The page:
Brace yourselves, dengue epidemic will be more severe in 2016
Epidemics of dengue are linked to high temperatures brought by the El Nino weather phenomenon, researchers said.Updated: Oct 08, 2015 16:33 IST
As if it was not already bad enough situation in the country, a major spike in cases of dengue will occur throughout Southeast Asian countries next year, owing to high temperatures, a new study has claimed.
Epidemics of dengue are linked to high temperatures brought by the El Nino weather phenomenon, researchers said.
The findings are particularly timely as the most intense El Nino in nearly two decades is emerging in the Pacific, raising the concern that a major increase in cases of dengue will occur throughout Southeast Asian countries next year, researchers said.
Researchers said that an increase in dengue incidence swept through eight countries of Southeast Asia in 1997 and 1998 during a historically intense El Nino weather event.
“Dengue infects large numbers of people across the tropics each year, but incidence can vary dramatically from year to year in any setting,” said senior author Derek Cummings, professor at University of Florida, at the time of the study.
“During years of large incidence, the number of people requiring hospitalisation and care can overwhelm health systems,” said Cummings, who is now at Johns Hopkins Bloomberg School of Public Health.
The dengue virus is transmitted by mosquitoes in the tropics and subtropics. Each year an estimated 390 million infections occur globally.
Though there is no specific pharmaceutical treatment, supportive therapy can greatly improve outcomes. A number of vaccine candidates are in development but none are currently licensed.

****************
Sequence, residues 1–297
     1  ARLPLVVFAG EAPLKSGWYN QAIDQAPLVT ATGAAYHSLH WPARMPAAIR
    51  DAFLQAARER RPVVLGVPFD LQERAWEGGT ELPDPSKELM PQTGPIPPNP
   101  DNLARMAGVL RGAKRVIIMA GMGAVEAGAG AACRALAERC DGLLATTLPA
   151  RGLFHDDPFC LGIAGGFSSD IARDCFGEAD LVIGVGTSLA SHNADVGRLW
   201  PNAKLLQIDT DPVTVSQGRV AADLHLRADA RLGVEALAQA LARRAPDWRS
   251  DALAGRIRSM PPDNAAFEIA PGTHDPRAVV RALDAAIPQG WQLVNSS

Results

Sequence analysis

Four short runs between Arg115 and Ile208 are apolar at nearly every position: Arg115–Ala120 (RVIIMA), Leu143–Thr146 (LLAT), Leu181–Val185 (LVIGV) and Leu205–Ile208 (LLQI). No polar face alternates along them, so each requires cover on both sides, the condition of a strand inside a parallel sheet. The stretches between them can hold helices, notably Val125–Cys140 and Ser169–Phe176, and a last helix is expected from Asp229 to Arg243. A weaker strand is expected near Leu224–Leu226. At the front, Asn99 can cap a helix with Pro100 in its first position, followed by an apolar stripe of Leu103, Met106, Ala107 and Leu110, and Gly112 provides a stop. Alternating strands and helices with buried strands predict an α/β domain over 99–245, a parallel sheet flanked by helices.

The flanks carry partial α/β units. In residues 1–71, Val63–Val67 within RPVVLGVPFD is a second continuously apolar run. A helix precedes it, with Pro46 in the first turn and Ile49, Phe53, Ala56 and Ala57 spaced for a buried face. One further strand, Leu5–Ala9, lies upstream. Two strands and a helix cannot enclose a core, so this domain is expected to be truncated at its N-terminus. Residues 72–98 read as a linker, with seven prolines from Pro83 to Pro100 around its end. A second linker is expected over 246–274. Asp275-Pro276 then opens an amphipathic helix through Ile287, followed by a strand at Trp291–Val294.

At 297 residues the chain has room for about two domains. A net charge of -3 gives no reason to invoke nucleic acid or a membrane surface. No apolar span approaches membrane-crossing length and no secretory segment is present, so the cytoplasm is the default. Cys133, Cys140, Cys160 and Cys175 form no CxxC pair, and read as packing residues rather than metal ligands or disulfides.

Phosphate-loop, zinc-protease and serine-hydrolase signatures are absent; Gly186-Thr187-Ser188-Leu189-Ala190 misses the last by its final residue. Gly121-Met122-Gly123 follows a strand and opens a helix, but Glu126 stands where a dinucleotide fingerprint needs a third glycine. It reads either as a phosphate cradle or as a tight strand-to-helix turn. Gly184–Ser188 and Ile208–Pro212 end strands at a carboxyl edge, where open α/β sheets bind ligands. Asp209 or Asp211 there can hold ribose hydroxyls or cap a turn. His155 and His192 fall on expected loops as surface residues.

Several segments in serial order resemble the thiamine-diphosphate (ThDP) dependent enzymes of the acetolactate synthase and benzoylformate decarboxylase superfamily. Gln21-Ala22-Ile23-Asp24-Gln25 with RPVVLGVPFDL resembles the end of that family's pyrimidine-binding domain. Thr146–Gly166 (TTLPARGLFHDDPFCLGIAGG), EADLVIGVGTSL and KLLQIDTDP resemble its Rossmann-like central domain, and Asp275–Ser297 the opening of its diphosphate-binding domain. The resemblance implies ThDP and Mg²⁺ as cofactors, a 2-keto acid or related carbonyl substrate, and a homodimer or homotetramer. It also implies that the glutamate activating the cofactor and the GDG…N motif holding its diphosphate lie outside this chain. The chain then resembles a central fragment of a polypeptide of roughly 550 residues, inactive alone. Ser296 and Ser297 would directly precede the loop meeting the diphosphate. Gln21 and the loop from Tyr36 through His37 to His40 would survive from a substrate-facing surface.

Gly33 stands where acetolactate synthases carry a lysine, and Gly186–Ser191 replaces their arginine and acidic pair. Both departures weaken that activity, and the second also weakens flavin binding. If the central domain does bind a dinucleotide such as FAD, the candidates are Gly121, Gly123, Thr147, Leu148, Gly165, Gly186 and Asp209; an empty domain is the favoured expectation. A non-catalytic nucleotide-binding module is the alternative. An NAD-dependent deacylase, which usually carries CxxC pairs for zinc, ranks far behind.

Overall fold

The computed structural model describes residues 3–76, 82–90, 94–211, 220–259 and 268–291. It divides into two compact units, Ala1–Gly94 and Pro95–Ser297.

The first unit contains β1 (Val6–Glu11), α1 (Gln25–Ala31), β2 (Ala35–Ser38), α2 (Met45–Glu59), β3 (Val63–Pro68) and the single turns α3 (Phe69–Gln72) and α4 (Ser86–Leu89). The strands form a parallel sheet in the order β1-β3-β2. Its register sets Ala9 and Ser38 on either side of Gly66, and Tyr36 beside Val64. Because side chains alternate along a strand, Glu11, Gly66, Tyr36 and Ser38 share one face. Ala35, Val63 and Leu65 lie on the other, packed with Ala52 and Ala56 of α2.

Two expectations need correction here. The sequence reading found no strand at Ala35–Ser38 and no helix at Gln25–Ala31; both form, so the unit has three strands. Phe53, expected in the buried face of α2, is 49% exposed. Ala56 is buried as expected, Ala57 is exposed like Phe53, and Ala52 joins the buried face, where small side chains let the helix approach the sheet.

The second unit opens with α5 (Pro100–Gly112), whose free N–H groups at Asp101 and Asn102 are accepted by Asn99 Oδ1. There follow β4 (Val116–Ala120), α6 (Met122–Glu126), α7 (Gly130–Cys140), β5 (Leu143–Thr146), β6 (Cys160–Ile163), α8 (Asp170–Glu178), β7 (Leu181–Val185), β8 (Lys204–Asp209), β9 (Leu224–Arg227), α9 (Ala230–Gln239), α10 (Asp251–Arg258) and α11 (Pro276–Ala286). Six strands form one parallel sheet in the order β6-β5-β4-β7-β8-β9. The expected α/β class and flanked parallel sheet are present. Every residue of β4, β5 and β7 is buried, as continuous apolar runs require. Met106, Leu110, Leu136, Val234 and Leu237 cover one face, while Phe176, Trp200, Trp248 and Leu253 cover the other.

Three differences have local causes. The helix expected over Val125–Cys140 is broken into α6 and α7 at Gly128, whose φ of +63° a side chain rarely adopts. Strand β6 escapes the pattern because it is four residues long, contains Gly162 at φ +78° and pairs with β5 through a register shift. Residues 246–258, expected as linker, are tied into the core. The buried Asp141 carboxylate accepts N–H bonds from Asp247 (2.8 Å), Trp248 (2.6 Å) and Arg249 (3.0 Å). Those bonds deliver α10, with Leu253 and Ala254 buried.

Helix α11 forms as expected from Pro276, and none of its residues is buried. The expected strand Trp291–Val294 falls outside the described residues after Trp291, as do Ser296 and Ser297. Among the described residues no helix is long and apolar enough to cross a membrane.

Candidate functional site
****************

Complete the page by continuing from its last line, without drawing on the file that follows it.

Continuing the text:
In addition to the finding that increased temperature results in increased incidence across the region, the study also found that urban areas act as dengue epidemic “pacemakers,” giving rise to travelling waves of large epidemics moving to nearby rural areas.
Travelling waves were found to emerge from multiple urban centres across Southeast Asia, researchers said.
Cummings worked with researchers from each of the affected countries and colleagues at the University of Pittsburgh to compile 18 years of monthly dengue surveillance reports on a total of 3.5 million reported cases.
“The synchronisation of incidence across such a large area, spanning thousands of kilometres, is really striking,” Cummings said.
“It suggests that continued multi-country coordination of surveillance for dengue is critical to understanding patterns in each individual country,” he said.
The team involved scientists from 18 institutions around the world, including the Ministries of Health in each study country.
“This study will contribute toward a better understanding of the cyclical nature of dengue,” said co-author Lam Sai Kit, a professor at the University of Malaya in Malaysia.
“Based on the extensive data analysed and the conclusions reached, it will help to improve early-warning systems for impending large outbreaks in the region,” said Sai Kit.
The study was published in the journal PNAS.